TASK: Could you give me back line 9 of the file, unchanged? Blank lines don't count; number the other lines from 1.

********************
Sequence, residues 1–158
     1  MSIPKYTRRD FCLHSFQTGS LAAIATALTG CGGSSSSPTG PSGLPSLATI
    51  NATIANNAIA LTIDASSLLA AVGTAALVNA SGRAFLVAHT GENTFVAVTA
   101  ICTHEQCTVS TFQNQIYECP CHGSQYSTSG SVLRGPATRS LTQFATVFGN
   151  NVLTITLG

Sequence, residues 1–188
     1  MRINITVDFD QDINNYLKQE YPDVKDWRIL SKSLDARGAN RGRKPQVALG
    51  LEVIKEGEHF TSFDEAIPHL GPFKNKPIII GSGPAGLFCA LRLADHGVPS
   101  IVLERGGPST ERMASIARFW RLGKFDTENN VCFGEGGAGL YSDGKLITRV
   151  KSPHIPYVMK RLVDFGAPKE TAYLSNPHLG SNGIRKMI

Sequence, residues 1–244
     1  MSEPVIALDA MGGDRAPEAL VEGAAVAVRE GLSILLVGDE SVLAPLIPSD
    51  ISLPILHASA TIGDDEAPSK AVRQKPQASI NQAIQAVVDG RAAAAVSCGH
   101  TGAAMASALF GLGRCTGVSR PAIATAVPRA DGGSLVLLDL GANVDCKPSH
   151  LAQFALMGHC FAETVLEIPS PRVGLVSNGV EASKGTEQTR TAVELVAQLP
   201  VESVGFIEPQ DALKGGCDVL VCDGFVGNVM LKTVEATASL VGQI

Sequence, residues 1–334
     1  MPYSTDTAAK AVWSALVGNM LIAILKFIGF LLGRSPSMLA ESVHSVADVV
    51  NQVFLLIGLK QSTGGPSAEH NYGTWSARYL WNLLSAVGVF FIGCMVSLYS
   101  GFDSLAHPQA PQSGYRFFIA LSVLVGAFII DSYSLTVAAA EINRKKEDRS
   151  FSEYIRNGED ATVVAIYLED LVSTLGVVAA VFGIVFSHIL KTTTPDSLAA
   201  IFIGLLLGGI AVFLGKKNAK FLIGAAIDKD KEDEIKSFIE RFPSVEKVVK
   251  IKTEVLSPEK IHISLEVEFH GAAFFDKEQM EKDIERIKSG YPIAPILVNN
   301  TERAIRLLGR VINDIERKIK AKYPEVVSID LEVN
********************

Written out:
   101  IVLERGGPST ERMASIARFW RLGKFDTENN VCFGEGGAGL YSDGKLITRV